Main Article Content
A variety of assessment options utilizing high-impact educational practices have emerged to assist faculty in higher education with college student learning outcomes. High-impact practices are defined as teaching and learning designs which have been demonstrated to increase student engagement and persistence. Practices such as first-year seminars, tech-rich learning communities, collaborative projects, undergrad research, global/diversity learning, service learning, practicums, and internships are educational tools making it possible to assess the practices’ contribution to students’ cumulative learning. However, utilization of these practices is unsystematic due in part to the required investment of time, training, and money. This paper describes high-impact practices that support course and program level learning outcomes in conjunction with the investments for implementation. Exploration into why these types of practices are effective and which students have access to them emphasizes the need for this investment to meet accreditation standards and the mandates of our government’s “completion agenda” geared towards preparing America’s future workforce.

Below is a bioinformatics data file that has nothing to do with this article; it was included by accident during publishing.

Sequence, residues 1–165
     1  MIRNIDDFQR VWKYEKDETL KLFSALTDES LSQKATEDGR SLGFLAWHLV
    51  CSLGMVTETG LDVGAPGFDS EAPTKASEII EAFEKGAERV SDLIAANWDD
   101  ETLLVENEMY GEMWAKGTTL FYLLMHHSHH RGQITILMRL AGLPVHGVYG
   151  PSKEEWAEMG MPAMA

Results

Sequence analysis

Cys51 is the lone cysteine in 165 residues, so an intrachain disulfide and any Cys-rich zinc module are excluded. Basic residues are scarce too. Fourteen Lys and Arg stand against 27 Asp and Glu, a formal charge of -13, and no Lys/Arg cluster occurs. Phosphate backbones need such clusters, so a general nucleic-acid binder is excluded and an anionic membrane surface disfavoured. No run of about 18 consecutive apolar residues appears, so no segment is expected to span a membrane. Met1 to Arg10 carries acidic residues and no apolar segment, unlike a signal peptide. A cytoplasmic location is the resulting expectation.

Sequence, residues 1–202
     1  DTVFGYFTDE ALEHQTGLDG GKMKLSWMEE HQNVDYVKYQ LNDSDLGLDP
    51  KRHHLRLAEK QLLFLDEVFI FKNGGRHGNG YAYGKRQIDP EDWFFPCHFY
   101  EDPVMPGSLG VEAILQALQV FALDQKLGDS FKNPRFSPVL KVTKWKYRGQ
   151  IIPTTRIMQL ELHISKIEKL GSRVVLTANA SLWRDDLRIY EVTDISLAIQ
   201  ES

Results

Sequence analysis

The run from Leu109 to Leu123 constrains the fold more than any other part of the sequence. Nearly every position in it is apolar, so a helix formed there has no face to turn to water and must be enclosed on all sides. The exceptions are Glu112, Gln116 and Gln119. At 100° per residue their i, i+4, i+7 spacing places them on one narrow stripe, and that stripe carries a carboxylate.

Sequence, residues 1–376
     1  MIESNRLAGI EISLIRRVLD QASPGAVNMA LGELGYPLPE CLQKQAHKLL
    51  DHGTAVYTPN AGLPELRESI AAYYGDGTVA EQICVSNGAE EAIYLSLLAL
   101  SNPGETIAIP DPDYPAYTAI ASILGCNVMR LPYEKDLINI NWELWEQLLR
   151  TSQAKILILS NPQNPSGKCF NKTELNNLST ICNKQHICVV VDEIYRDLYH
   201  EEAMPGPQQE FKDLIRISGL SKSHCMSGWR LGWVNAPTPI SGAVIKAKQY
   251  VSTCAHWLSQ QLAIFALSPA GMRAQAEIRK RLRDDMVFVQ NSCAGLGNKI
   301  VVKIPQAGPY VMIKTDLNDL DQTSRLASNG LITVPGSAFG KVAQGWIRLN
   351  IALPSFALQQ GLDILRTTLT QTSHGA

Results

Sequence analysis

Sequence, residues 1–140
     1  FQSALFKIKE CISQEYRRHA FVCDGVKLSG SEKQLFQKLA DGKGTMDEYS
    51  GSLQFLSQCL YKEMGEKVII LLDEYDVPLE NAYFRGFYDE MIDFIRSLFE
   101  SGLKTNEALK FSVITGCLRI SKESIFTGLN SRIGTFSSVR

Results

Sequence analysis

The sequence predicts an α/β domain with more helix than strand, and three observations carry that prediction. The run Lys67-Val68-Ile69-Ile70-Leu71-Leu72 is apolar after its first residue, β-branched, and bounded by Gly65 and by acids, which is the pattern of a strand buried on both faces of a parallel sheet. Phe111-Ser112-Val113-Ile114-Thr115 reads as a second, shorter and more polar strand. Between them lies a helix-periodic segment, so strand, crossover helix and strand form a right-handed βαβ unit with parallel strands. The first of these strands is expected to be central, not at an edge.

- Authors retain copyright and grant the Journal of the Scholarship of Teaching and Learning (JoSoTL) right of first publication with the work simultaneously licensed under a Creative Commons Attribution License, (CC-BY) 4.0 International, allowing others to share the work with proper acknowledgement and citation of the work's authorship and initial publication in the Journal of the Scholarship of Teaching and Learning.
- Authors are able to enter separate, additional contractual agreements for the non-exclusive distribution of the journal's published version of the work (e.g., post it to an institutional repository or publish it in a book), with an acknowledgement of its initial publication in the Journal of the Scholarship of Teaching and Learning.
- In pursuit of manuscripts of the highest quality, multiple opportunities for mentoring, and greater reach and citation of JoSoTL publications, JoSoTL encourages authors to share their drafts to seek feedback from relevant communities unless the manuscript is already under review or in the publication queue after being accepted. In other words, to be eligible for publication in JoSoTL, manuscripts should not be shared publicly (e.g., online), while under review (after being initially submitted, or after being revised and resubmitted for reconsideration), or upon notice of acceptance and before publication. Once published, authors are strongly encouraged to share the published version widely, with an acknowledgement of its initial publication in the Journal of the Scholarship of Teaching and Learning.